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If you’re involved in any way with your organization’s vulnerability management program, chances are you’ve encountered the terms CVE, CVSS, and NVD. Each of these are different, and each has a role in vulnerability assessment and management.

Defining CVSS, CVE and NVD

  • CVSS – The Common Vulnerability Scoring System (CVSS) is a system widely used in vulnerability management programs. CVSS indicates the severity of an information security vulnerability, and is an integral component of many vulnerability scanning tools.
  • CVE – Common Vulnerabilities and Exposures (CVE) is a list of publicly disclosed vulnerabilities and exposures that is maintained by MITRE.
  • NVD – The National Vulnerability Database (NVD) is a database, maintained by NIST, that is fully synchronized with the MITRE CVE list.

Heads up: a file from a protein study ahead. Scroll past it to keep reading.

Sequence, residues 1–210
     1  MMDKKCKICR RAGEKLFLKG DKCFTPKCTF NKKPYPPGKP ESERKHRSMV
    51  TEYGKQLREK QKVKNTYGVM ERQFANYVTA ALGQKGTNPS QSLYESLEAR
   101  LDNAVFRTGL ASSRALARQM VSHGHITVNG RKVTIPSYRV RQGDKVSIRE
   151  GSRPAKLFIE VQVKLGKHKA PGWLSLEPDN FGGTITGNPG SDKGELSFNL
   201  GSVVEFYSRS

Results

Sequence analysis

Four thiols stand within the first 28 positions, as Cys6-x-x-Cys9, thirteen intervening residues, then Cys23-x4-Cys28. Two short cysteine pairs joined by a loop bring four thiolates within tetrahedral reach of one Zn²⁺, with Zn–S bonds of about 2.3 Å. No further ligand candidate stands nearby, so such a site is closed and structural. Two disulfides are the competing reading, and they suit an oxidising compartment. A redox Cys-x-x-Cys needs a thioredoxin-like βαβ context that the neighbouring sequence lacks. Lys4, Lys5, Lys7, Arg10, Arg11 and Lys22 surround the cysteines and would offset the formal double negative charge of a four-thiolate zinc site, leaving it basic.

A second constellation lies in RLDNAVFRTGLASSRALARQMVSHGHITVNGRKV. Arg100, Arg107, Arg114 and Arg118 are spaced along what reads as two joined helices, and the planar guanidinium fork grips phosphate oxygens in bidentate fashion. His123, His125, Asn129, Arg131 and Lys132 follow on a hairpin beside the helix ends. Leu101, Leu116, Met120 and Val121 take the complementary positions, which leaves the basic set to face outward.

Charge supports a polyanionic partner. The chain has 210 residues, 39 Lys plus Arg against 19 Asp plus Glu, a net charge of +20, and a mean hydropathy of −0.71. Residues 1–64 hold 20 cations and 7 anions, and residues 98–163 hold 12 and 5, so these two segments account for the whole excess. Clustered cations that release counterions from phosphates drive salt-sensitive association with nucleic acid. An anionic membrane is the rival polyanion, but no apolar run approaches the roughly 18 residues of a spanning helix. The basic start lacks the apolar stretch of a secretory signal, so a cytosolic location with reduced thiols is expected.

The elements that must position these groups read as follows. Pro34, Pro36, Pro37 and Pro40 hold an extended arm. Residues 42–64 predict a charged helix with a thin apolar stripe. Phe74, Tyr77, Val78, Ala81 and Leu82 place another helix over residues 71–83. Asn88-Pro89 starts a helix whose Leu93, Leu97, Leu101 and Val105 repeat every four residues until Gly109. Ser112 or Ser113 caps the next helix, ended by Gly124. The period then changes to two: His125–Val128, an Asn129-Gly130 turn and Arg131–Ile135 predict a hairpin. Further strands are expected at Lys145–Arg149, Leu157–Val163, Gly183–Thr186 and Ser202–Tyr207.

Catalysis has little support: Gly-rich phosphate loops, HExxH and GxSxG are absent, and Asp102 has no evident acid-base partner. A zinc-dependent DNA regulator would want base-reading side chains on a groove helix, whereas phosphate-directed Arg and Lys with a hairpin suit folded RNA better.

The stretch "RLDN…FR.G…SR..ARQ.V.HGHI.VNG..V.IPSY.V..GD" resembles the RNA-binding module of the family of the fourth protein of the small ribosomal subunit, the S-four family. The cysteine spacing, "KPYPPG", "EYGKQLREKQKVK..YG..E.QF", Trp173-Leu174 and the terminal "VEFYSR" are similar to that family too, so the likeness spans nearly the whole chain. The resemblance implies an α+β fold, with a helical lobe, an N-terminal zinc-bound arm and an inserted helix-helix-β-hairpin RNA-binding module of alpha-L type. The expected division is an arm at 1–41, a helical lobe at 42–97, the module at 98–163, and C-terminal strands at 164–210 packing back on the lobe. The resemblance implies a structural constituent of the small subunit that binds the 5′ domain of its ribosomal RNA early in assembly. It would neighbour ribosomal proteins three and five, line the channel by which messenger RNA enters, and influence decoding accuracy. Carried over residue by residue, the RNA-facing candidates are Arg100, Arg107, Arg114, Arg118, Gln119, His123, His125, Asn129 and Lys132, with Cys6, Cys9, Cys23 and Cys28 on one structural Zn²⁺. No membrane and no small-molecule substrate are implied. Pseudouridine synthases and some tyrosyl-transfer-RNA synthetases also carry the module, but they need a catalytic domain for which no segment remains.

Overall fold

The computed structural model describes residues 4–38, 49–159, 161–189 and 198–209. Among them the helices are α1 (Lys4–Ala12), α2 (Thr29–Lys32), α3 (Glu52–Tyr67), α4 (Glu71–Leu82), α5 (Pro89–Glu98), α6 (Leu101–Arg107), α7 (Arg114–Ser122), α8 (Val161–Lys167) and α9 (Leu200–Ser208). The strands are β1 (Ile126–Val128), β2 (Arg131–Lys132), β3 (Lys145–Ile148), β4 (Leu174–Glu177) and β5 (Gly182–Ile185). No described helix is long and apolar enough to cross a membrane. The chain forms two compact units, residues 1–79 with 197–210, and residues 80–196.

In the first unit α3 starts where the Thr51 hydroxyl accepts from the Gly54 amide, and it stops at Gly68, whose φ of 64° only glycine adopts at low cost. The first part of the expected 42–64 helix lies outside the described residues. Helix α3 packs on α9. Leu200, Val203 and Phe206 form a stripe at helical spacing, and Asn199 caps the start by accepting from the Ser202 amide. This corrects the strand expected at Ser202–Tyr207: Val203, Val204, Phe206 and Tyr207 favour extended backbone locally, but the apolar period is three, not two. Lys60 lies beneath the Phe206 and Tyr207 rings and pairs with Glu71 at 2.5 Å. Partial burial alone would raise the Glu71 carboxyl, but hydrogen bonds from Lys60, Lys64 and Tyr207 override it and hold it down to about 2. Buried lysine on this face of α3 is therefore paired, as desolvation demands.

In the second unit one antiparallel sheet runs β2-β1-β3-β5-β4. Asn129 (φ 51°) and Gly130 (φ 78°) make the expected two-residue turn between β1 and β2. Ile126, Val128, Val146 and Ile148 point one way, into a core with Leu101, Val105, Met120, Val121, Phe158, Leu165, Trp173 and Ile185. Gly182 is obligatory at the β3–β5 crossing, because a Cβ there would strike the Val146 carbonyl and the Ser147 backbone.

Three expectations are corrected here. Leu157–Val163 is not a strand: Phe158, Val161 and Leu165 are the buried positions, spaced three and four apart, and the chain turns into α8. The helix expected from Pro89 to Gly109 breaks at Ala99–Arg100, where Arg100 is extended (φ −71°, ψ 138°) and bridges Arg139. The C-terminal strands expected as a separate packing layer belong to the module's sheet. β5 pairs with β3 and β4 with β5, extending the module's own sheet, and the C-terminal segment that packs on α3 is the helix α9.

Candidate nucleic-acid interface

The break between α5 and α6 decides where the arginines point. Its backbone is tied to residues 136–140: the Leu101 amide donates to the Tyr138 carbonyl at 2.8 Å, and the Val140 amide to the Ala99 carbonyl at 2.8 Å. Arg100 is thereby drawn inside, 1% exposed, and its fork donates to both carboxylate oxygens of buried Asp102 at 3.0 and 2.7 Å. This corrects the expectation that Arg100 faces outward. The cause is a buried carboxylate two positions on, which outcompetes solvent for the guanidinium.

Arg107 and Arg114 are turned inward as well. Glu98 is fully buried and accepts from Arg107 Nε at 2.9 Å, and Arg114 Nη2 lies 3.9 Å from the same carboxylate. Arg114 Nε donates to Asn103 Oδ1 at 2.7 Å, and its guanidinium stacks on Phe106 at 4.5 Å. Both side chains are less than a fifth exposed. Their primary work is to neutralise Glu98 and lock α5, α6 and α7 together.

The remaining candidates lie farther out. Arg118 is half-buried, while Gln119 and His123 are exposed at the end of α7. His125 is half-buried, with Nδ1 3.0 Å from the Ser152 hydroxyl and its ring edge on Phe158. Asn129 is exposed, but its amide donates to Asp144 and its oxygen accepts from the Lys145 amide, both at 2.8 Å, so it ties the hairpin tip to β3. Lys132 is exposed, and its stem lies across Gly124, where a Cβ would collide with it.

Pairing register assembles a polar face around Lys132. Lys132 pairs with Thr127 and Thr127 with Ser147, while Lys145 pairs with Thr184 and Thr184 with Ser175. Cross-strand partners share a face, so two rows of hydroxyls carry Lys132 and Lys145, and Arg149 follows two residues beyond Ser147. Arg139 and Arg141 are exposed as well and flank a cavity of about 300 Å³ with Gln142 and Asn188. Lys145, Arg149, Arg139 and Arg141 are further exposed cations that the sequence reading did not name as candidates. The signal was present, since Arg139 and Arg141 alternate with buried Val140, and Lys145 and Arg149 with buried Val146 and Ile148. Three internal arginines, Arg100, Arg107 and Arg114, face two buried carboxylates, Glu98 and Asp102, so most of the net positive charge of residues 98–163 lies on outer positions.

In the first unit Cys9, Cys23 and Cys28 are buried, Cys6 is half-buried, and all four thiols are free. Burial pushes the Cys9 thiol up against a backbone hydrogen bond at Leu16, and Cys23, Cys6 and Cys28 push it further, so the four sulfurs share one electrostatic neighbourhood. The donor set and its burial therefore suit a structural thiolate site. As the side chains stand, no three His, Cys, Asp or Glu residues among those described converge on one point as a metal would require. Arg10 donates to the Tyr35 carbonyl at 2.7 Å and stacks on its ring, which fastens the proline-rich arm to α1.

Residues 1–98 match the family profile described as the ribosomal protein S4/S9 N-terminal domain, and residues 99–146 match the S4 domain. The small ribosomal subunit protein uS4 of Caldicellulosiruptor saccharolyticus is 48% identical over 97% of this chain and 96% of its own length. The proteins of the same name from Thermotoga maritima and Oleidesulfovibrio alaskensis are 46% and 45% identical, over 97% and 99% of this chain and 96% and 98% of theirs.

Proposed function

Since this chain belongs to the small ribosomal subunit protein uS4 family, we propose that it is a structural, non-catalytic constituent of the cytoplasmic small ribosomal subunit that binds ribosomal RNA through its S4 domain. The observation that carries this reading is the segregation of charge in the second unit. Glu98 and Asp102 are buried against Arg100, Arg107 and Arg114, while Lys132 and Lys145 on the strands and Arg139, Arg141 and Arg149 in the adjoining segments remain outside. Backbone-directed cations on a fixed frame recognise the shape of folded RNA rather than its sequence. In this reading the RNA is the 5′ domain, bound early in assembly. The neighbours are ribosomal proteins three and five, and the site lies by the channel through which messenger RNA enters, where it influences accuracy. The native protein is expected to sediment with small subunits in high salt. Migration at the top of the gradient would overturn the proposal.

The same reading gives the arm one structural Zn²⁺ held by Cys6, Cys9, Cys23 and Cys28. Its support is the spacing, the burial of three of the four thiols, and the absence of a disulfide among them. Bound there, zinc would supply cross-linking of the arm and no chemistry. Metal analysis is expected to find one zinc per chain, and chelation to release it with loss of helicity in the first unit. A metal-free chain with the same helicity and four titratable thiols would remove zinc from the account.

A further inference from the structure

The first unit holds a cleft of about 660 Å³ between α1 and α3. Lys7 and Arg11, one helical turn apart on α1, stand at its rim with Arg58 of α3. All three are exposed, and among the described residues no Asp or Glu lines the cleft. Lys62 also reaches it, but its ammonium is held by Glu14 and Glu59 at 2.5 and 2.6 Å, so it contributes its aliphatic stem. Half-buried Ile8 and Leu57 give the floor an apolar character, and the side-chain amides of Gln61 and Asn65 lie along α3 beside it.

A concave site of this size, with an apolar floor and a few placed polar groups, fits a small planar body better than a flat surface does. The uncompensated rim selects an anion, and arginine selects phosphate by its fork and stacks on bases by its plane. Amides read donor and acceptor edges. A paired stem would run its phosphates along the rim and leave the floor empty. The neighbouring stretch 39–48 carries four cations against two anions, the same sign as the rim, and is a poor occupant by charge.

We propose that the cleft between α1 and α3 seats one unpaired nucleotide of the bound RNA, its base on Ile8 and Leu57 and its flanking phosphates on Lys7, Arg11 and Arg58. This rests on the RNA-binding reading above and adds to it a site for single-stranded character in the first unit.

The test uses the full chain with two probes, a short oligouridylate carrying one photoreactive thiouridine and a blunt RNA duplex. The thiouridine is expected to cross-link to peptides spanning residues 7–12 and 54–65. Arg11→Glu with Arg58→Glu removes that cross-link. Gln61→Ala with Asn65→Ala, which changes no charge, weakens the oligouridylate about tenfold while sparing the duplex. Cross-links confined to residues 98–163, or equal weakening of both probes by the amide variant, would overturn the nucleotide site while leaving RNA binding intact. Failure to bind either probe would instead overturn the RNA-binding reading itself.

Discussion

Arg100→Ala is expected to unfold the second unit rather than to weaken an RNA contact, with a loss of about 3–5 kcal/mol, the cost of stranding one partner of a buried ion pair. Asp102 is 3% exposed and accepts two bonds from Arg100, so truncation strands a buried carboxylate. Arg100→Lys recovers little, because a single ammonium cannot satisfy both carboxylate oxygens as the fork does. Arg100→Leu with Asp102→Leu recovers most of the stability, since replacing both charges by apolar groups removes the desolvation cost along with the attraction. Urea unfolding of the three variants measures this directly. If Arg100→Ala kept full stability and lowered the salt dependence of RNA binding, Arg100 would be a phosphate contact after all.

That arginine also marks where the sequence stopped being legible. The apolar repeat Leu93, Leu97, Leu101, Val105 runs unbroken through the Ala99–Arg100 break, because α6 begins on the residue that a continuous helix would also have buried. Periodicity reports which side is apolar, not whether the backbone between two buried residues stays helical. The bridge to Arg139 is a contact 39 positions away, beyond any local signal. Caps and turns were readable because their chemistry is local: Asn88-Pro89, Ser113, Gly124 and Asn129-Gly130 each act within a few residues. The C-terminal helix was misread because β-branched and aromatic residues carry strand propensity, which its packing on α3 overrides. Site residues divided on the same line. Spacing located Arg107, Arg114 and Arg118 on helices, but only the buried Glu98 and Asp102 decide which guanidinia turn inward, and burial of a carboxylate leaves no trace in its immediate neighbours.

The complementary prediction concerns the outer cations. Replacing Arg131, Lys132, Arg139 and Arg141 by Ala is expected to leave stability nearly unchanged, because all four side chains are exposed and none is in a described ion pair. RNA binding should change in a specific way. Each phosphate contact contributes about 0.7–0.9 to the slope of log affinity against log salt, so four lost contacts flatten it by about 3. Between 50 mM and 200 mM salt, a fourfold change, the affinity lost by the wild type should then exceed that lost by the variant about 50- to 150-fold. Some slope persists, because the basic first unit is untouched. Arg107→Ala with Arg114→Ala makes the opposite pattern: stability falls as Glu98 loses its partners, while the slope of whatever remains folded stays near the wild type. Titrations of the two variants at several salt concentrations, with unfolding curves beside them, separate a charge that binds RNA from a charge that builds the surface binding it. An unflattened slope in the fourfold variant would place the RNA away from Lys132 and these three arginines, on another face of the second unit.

Differences between CVSS and CVE

CVSS is the overall score assigned to a vulnerability. CVE is simply a list of all publicly disclosed vulnerabilities that includes the CVE ID, a description, dates, and comments. The CVSS score is not reported in the CVE listing – you must use the NVD to find assigned CVSS scores.

Differences between CVE and NVD

The CVE list feeds into the NVD, so both are synchronized at all times. The NVD provides enhanced information above and beyond what’s in the CVE list, including patch availability and severity scores. NVD also provides an easier mechanism to search on a wide range of variables. Both CVE and NVD are sponsored by the US Federal Government and are available for free use by anyone.

The CVSS score consists of three components – Base Metrics, Temporal Metrics, and Environmental Metrics. The NVD database includes all disclosed vulnerabilities, and includes a corresponding CVSS score. This score is typically comprised of Base Metrics only. Displayed only as the CVSS score, the fact that the reported number comprises only one of three CVSS metric groups can be misleading.